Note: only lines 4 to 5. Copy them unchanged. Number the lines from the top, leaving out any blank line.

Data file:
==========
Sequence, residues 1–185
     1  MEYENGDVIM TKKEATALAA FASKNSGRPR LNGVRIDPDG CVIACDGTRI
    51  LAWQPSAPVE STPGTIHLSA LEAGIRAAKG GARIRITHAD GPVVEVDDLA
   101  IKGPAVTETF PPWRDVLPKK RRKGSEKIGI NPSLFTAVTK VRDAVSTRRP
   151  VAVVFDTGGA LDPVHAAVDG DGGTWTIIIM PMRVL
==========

   101  IKGPAVTETF PPWRDVLPKK RRKGSEKIGI NPSLFTAVTK VRDAVSTRRP
   151  VAVVFDTGGA LDPVHAAVDG DGGTWTIIIM PMRVL